|Kerry rides Sunday talk show cycle, pitching Syria nerve gas claims
US Secretary of State John Kerry said Washington has proof that Syria used sarin gas in a deadly attack in a talk show campaign he undertook Sunday.
The top US diplomat warned the world cannot turn a blind eye to chemical weapons, as he urged lawmakers to support President Barack Obama's call for limited military action.
Hair and blood samples from the emergency workers at last month's attack in Damascus given independently to the United States have shown signs of the sarin nerve gas, Kerry told US television channels, AFP reports.
“In the last 24 hours, we have learned through samples that were provided to the United States and that have now been tested from first responders in East Damascus, (that) hair samples and blood samples have tested positive for signatures of sarin,'' Kerry told NBC's Meet the Press.
He blitzed the Sunday morning talk shows, upping the ante in the Obama administration's push to build the case for US military strikes against President Bashar al-Assad.
But after an emergency classifed briefing on Sunday at the US Capitol, many US lawmakers still appeared unconvinced.
“There's no support for the resolution as it is,'' said House Democrat Jim Himes after the briefing in reference to the White House's formal request for authorization to conduct strikes.
“There is a lot of concern that the resolution as drafted is overly broad, it has no limitation in either scope or time or activity,'' he added.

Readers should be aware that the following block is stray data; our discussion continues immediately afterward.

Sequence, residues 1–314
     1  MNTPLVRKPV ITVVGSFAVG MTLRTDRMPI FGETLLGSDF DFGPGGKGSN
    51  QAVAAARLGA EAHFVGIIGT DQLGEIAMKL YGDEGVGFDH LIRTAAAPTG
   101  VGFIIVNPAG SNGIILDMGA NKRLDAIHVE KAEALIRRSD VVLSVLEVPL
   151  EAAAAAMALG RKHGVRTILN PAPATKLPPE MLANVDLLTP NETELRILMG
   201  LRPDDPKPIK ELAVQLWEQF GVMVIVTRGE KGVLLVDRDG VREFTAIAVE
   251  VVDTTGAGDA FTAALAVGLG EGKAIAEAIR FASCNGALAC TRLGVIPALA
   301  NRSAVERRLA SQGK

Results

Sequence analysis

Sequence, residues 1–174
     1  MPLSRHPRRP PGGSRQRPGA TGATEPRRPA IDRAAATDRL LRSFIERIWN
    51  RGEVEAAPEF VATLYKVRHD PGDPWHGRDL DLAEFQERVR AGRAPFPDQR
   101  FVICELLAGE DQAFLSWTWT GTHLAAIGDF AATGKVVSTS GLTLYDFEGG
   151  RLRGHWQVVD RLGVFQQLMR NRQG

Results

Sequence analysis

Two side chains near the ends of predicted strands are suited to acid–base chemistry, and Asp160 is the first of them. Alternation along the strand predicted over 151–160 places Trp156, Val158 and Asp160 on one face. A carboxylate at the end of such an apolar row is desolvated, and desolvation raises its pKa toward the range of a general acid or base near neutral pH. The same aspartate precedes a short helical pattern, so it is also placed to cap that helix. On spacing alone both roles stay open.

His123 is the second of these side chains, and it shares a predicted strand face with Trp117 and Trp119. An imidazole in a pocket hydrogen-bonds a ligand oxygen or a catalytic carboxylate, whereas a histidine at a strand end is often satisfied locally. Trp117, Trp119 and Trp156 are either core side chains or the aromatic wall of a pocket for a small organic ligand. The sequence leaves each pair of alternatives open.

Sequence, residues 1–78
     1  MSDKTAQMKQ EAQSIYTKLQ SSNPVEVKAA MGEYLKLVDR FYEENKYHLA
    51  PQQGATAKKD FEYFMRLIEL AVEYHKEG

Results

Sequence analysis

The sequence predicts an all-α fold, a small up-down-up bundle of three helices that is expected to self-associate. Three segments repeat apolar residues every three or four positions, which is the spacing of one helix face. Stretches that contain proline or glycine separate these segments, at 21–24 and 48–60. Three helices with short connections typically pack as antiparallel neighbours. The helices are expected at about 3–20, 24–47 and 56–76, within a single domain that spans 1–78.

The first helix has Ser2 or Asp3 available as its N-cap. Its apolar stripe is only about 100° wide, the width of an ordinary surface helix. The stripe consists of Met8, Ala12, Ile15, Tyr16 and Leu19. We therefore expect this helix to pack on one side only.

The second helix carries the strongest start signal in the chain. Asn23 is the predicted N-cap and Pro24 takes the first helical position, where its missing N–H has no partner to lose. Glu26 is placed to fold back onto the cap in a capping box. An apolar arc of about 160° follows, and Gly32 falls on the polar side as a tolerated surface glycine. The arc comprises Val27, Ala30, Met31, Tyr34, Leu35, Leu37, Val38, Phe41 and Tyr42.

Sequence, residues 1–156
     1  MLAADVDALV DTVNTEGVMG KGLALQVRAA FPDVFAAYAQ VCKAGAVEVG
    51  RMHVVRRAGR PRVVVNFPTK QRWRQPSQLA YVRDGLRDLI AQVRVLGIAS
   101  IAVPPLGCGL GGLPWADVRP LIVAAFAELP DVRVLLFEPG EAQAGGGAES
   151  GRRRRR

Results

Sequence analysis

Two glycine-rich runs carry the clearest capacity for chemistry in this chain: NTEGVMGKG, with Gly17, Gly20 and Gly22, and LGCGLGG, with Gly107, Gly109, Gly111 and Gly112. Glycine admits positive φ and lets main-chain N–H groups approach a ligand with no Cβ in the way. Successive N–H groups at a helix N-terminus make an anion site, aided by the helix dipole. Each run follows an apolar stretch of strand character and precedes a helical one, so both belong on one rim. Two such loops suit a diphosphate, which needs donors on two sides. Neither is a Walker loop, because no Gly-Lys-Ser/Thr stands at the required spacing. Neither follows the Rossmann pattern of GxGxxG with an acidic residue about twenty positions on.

“This is a partial blank check,'' agreed fellow Democratic House member Chris Van Hollen.
He pointed to the fact that there was “no prohibition in the resolution on putting American troops on the ground'' as Obama has promised.
Obama said he had decided the August 21 chemical weapons attack on a Damascus suburb that Washington says killed more than 1,400 people was so heinous – and such a threat to long-term US security – that he would respond with a limited military strike.
But he said he believed it was important to win Congress's support when it officially returns from its summer break on September 9.
Ileana Ros-Lehtinen, a Republican member of the House Foreign Affairs Committee, said she was “skeptical of what the objectives are.''
“What worries me most, as atrocious as this humanitarian, terrible tragedy is in Syria, is what happens next with Iran having nuclear breakout capabilities at any moment,'' she said.
“If they think that the president is bluffing when he says: this is the red line, then is the president bluffing when he says all options are on the table with regards to Iran?''
The Senate Foreign Relations Committee will debate Syria on Tuesday and a Senate aide told AFP the committee could vote on military force Wednesday.
But influential Republican Senator John McCain, who was due to meet Obama on Monday, said he was not yet sure if he would support the move during a full Senate vote expected later in the month.
“We're in a bit of a dilemma here because I think Senator Lindsey Graham and I, and others, will be wanting a strategy, a plan, rather than just we're going to launch some cruise missiles and that's it,'' he told CBS television.
“But I also am aware of the failure of Congress to endorse this plan, the signal that it sends to the world, in a very dangerous world, where we've also lost enormous credibility.''